In the last one year, we have been able to make some arrest and about three or four cases are pending before the court. We have also secured about three convictions where these vandals were sent to jail in the last one year. Vandals have also forfeited 12 vehicles to the federal government via a Federal High Court, Abeokuta in the last one year. The law is that when any of your properties are used for vandalism, you will forfeit such to the federal government. You know we are also into protecting critical national assets such as the electricity cable, somebody was also sent to jail, I think in February for stealing armour cable of transformer. So, we have been on top of our game.

How will you describe the relationship between the state government and Ogun State Command of NSCDC since you came on board?

The relationship has been great.

We have been serving the people and the government. You know the government has two roles to play: provision of welfare and security for the people. In the last one year, the government has given us six operational vehicles and quite a number of motorcycles with some communication gadgets and these have really enhanced our effectiveness so we thank the state government and also crave for more support especially in capacity building training. During International Civil Defence Day, we trained 500 secondary school students on security consciousness and First Aid. We gave two of these smart First Aid kits to each school represented at the training. We are also proposing to train all the secondary school students in the state on security consciousness and awareness. Since we may not be able to go to all the schools, we have identified 2,100 teachers who we shall train on security consciousness and awareness and then go ahead and train other teachers and the students, it might be two or three teachers per school. The beauty of this is that if anyone is opportuned to attend secondary schools in Ogun, he or she will be coming out as a mini- security operative just like it is done in the US and some other countries of the world. By the time you are leaving the college, you would have known so much about security agencies and if it is your wish to join any of the security agencies, be it Police, Army, Civil Defence, etc it would have been easy unlike when security agencies want to select people for training, they will ask people to come and run and the person that came first is taken. But if this type of training has been adopted by the schools, from the outset it would have been easy to identify those cut out for security work, it is people who have passion for the job that will now be joining the security agencies and not people looking for jobs. We are starting this training very soon. The curriculum for this training will be for 13 weeks and we have structured it in such a way that it will not eat into other school programmes. The teaching will be done on the assembly may be for four or five minutes and we will ensure that the same topic is taught same day across the state. What is bringing us to this was an incident that happened not long ago in one of the Asian countries. The 14 year school boy saw someone coming and said “look, our teacher has told us that this is how terrorist walk and I am going to challenge him and as the boy approached the terrorist, the bomb went off and killed the boy and the terrorist. The government of the country then decided to honour the family of the boy saying that but for the boy, the terrorist would have killed more students and even the teachers. If such happen here, the students might have even taken the terrorist to the principal’s office. It is time we begin to build security consciousness and awareness into our people. We also hope to take the training to our communities through Community Development Associations. We will come around during their meetings and speak on some of these things for five minutes.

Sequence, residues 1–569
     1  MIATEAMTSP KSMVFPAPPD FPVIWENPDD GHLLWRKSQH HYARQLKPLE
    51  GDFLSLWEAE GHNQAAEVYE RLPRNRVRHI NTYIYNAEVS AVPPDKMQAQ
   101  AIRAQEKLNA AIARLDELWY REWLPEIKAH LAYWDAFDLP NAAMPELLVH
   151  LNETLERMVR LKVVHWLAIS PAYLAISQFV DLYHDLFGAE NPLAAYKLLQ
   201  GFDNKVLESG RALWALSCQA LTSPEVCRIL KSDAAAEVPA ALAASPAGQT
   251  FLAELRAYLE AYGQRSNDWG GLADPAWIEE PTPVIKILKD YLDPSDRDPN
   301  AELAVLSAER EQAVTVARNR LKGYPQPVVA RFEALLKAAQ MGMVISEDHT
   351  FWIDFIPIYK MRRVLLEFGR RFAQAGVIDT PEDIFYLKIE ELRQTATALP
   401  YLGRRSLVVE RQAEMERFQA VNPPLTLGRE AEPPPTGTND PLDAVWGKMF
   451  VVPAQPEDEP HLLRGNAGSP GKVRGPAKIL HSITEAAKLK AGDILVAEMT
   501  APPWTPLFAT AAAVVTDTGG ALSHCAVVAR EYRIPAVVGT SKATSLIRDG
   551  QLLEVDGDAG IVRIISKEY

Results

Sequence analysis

Given the usefulness of this security consciousness and awareness training, will it not be better if it is part of our school curriculum in Nigeria?

We have consulted widely but we have been told that the curriculum is saturated already and that is why we have also devised a way to ensure that this thing is done, four, five minutes on the assembly, the message would have been passed. For instance the message can be your Red Area. The Red Area of the body starts from neck to the knee so the students are readily aware that anybody touching any part of their body in this area such as their thighs, breasts among others could rape them especially the girls likewise the boys. So every kid in Ogun State will know what the Red Areas of the body means and the danger inherent.